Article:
An interesting article popped up in early December regarding climate change and how it is potentially going to be the end of the terroir concept. You can read the full article here but here are my thoughts about how climate change and terroir are going to interact.
First of all, you could argue that terroir is already dead; or at least shaking its head disapprovingly at times. Any producer can give a wine a full makeover to make it taste like something it is not. But then we can fall down a rabbit hole with questions like, “does Cabernet really taste like Cabernet or does it really taste like Carignan?” Or as the movie The Matrix covers in their discussion of Tasty Wheat:
Mouse: Do you know what it really reminds me of? Tasty Wheat. Did you ever eat Tasty Wheat?
Switch: No- but technically, neither did you.
Mouse: That’s exactly my point! Exactly! Because you have to wonder now: how do the machines really know what Tasty Wheat tasted like, huh? Maybe they got it wrong. Maybe what I think Tasty Wheat tasted like actually tasted like uh…. oatmeal or uh…. or tuna fish. That makes you wonder about a lot of things. You take chicken for example. Maybe they couldn’t figure out what to make chicken taste like, which is why chicken tastes like everything!
To counter my own first argument I would say that terroir is something that can never die. However it can evolve. This is something that has happened in Napa. When grapes were first planted here Cabernet was not king. Hard to believe right? In fact it took a decent amount of time to begin its reign. Today you cannot mention Napa’s terroir without also talking about Cabernet Sauvignon.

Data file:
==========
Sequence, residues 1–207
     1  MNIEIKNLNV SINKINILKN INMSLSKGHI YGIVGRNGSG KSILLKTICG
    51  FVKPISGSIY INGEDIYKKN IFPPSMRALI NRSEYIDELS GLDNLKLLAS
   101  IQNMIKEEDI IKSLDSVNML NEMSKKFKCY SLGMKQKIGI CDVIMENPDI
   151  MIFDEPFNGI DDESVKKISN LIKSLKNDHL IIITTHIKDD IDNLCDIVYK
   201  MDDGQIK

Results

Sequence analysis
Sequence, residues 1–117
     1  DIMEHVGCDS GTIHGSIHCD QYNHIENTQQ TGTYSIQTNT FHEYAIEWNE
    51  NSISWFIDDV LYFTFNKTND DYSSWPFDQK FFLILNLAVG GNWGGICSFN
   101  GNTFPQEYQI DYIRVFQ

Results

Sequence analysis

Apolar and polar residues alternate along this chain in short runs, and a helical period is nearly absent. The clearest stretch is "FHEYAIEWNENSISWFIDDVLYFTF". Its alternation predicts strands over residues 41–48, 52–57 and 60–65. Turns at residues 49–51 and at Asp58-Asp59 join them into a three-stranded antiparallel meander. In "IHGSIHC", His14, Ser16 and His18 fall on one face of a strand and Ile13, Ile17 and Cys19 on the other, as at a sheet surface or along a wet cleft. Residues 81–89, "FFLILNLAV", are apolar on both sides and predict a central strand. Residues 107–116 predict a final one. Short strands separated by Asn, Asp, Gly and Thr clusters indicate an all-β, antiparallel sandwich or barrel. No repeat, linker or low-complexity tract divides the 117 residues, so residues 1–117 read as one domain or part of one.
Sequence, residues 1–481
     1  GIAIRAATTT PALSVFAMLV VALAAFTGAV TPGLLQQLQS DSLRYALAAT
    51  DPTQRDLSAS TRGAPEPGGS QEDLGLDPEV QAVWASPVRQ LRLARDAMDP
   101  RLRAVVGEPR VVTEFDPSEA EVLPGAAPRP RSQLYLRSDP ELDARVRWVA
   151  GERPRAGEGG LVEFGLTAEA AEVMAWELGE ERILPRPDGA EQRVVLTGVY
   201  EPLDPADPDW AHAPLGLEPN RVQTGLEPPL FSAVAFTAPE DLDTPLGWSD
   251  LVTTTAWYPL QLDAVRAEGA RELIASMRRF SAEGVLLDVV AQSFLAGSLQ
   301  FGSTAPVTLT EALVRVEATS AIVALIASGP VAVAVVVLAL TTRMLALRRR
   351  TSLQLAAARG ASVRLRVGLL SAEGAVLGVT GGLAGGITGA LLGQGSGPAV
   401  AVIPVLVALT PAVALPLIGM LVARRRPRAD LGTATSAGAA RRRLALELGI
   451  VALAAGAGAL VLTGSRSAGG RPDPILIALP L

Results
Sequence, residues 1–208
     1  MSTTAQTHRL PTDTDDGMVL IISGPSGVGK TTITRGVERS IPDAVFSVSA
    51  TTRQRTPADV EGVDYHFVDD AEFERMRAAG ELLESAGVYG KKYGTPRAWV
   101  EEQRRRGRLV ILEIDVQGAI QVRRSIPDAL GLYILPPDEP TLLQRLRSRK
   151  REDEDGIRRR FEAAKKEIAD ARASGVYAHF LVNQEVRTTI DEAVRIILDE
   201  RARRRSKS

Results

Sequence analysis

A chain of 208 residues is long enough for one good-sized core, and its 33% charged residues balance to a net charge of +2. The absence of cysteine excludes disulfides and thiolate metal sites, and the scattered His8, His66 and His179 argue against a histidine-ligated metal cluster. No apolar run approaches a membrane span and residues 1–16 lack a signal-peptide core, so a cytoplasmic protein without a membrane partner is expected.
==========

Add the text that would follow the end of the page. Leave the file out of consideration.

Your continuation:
The articles biggest asset is that it recognizes the changes that are happening around the world with sugar levels, harvest dates and varieties that are being planted or produced in regions that might not have been possible 10+ years ago. Look at English sparkling wine as an example. Who’da thunk they would opt to (or be able to) produce their own sparkling wine.
We as farmers also have plenty of technology and resources at our fingertips to adjust to what mother nature is throwing our way. This could be anything from irrigation to leaf thinning to harvest techniques and timing. From there we can also adjust our fermentation, aging and blending practices to best suit the style that we are trying to stick to. If a particular region is unable to produce a “quality” wine of a certain style or variety due to the terroir then you would likely see those producers adapt to what those conditions are. That doesn’t mean that wine production or the sense of terroir halts all together.
Terroir isn’t going anywhere. It is simply up to us to decide how we harness it as it continues to evolve.